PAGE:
Americans seem to have a real chip on their shoulder when it comes to credentials, and I've seen friction or bad-mouthing come from those who, for example, might have a bachelor's degree toward those who have more than that, and are qualified for similar jobs/work.
I saw this a lot from another manager I worked closely with, at the job I worked before this most recent one (which I resigned last week 'cause I'm moving to NYC in a couple days – woot!) His snobbery, or really, jealousy reared its head whenever we hired someone new (always easy to spot at a company with just 30-some employees at its largest), and that newbie had a master's degree. Not just that, he had a particular breed of venom reserved for those who got technical master's degrees from a very highly ranked and competitive engineering school in our city. I imagined the fact that he'd stopped at an associate's degree had something to do with it. However, I'd stopped at a bachelor's, so I wasn't much farther ahead of him, but somehow, I wasn't jealous of my more-credentialed colleagues, b/c as I saw it, stopping at a bachelor's was my choice. Clearly, he didn't see it that way, cause whenever a new hire who had more than a bachelor's came in, he would accuse them of "talking constantly about their degrees," and "being snobs." And, if they came from that top engineering school, "talking constantly about their alma mater," too. In my three years working there, I never once saw a new hire act in the way that he described.

In the end, I think it came down to simple insecurity and fear of falling behind. He'd earned his associate's degree in the early 1990s when designers didn't need to know web (he's close to 40), and I know it hurt him to watch people his age, and even older, surpassing him in credentials and skills. I knew this was the issue because he got kinda sh*tty with me after my boss sent me to get a Microsoft Website Administrator certification and I started taking classes in web development and getting really good at front-end programming. As with anyone who has this attitude, I felt bad for him. He was only hurting himself. With all the time he wasted engaging in smack-talk, he could have followed my lead and asked our boss to get some Microsoft training, or enrolled in a couple of college classes in UI design or web development. He's loaded, and his mom bought his housing for him, so his salary was his to spend on, literally, whatever he liked. The saddest part was, he got confused and bewildered, and lashed out at people when they started distancing themselves from him because of his negative behavior. Heck, by the end, it's likely he thought we were ALL snobs.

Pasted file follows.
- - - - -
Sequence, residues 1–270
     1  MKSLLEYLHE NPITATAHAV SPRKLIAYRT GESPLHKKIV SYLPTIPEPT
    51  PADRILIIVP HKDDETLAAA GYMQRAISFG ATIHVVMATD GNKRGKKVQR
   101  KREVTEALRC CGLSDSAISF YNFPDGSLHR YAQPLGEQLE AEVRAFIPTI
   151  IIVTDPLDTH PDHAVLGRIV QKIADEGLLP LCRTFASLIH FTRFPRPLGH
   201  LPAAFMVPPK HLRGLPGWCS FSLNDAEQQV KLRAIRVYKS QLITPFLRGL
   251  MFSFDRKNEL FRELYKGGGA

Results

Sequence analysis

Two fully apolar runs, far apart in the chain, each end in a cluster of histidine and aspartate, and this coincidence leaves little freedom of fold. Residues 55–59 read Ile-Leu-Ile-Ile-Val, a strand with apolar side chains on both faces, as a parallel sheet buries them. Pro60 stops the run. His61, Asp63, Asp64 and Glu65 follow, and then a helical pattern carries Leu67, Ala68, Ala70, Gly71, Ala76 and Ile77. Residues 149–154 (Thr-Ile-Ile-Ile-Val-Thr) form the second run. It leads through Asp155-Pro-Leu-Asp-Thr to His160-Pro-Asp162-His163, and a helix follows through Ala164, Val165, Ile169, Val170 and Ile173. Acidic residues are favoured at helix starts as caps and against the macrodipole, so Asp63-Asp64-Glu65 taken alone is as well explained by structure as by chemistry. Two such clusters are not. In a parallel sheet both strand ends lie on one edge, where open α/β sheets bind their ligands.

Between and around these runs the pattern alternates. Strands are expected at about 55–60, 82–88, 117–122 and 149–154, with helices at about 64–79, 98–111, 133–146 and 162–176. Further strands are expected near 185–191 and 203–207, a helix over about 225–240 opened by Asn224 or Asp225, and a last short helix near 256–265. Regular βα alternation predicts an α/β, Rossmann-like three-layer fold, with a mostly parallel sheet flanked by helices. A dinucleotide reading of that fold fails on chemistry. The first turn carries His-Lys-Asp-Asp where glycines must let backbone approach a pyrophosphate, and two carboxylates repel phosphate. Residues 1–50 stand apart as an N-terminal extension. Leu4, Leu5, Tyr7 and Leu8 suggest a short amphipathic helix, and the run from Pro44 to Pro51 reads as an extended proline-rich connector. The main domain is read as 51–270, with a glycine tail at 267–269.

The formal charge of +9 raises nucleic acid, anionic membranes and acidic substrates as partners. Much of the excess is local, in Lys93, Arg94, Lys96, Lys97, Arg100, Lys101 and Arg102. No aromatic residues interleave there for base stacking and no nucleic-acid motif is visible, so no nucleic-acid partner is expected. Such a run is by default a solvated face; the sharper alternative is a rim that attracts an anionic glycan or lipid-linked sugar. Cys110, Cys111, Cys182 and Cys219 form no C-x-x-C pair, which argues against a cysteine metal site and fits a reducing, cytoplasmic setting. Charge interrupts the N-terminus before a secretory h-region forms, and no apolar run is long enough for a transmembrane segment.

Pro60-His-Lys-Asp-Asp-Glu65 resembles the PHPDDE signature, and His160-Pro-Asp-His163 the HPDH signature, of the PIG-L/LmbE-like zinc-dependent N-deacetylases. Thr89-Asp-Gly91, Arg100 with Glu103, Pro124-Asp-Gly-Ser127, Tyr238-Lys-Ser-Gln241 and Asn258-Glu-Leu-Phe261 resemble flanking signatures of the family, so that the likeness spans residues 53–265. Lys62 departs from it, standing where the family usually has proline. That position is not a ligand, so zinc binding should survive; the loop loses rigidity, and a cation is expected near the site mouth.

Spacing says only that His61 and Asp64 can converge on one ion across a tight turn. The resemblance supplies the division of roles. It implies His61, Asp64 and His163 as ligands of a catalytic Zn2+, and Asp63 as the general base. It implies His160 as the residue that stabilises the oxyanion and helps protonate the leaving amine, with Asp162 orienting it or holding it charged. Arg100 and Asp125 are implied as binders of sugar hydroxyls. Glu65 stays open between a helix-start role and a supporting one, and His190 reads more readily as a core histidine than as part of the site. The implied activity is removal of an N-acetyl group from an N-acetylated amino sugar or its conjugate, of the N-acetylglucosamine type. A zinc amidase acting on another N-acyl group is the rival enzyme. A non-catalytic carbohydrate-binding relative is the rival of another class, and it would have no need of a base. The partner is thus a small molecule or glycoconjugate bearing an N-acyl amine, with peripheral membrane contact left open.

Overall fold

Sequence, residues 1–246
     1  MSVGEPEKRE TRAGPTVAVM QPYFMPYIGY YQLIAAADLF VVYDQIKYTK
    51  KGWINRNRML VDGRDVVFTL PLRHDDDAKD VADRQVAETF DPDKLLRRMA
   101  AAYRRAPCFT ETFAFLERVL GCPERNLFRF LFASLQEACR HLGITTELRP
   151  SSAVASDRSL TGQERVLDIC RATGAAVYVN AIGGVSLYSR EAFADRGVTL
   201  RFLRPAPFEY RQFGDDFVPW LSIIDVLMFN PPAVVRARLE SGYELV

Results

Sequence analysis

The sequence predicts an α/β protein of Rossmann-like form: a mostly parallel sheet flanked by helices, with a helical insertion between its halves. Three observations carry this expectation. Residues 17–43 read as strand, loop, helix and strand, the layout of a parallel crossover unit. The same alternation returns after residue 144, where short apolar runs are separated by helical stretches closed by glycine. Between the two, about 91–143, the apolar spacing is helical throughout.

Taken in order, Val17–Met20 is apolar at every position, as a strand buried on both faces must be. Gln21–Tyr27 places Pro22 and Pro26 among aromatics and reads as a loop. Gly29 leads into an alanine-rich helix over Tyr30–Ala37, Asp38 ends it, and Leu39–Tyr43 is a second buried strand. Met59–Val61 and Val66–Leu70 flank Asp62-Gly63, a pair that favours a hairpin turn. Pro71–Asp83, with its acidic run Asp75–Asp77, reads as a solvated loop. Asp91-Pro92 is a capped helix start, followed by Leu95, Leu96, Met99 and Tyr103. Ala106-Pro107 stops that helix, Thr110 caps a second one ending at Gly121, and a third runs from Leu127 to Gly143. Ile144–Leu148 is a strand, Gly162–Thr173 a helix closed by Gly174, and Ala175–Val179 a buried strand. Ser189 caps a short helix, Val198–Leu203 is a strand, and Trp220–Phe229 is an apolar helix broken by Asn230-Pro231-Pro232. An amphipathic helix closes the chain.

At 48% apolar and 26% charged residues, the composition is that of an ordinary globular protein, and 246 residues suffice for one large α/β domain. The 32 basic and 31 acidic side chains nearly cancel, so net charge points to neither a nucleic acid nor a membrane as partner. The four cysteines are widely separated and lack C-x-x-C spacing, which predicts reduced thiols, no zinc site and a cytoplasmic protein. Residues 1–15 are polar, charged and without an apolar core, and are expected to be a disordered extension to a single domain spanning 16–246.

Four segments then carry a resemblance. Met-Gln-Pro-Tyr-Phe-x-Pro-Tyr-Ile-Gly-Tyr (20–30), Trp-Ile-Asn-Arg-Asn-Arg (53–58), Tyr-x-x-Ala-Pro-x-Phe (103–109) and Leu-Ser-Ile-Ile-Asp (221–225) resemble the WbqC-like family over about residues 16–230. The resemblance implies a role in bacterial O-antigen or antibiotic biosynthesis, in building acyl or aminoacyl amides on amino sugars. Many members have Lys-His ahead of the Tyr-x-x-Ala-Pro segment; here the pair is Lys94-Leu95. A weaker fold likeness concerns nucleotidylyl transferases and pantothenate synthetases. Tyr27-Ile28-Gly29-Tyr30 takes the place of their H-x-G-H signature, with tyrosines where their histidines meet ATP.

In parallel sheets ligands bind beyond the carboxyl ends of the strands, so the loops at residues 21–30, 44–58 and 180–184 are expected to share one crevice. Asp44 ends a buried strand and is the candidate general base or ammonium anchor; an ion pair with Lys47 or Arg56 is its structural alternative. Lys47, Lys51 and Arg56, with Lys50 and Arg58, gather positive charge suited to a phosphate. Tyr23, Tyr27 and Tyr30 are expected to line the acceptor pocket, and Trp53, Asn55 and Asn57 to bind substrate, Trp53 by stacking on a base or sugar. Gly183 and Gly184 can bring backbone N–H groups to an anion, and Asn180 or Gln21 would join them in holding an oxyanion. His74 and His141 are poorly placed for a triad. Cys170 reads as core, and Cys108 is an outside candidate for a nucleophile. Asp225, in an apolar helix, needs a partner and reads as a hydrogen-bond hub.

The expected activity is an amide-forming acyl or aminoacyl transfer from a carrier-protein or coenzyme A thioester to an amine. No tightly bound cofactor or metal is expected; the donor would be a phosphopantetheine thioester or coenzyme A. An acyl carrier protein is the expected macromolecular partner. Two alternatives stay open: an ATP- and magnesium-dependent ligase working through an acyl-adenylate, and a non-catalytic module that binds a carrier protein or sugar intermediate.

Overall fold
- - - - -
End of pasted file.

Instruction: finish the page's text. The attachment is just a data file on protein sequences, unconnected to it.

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Old 10-01-2012, 09:37 PM
 
14,753 posts, read 25,713,976 times
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Originally Posted by VelvetFedora View Post
I saw this a lot from another manager I worked closely with, at the job I worked before this most recent one (which I resigned last week 'cause I'm moving to NYC in a couple days woot!) His snobbery, or really, jealousy reared its head whenever we hired someone new (always easy to spot at a company with just 30-some employees at its largest), and that newbie had a master's degree. Not just that, he had a particular breed of venom reserved for those who got technical master's degrees from a very highly ranked and competitive engineering school in our city. I imagined the fact that he'd stopped at an associate's degree had something to do with it. However, I'd stopped at a bachelor's, so I wasn't much farther ahead of him, but somehow, I wasn't jealous of my more-credentialed colleagues, b/c as I saw it, stopping at a bachelor's was my choice. Clearly, he didn't see it that way, cause whenever a new hire who had more than a bachelor's came in, he would accuse them of "talking constantly about their degrees," and "being snobs." And, if they came from that top engineering school, "talking constantly about their alma mater," too. In my three years working there, I never once saw a new hire act in the way that he described.
This story is very typical. It is especially found in "gold watch" companies (now rare) where people worked their way up and then, light bulb, these companies start hiring college grads with technical or business training. It's a real culture clash.

Another thing is that, if a person has a high level of educational attainment, it is virtually impossible for them to be inarticulate dolts. Polish, making convincing arguments, and taking the lead are somewhat natural. People who are incapable, improperly trained, or insecure really wig out with this situation.
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Old 10-03-2012, 10:12 PM
 
Location: Old Town Alexandria
14,506 posts, read 22,082,345 times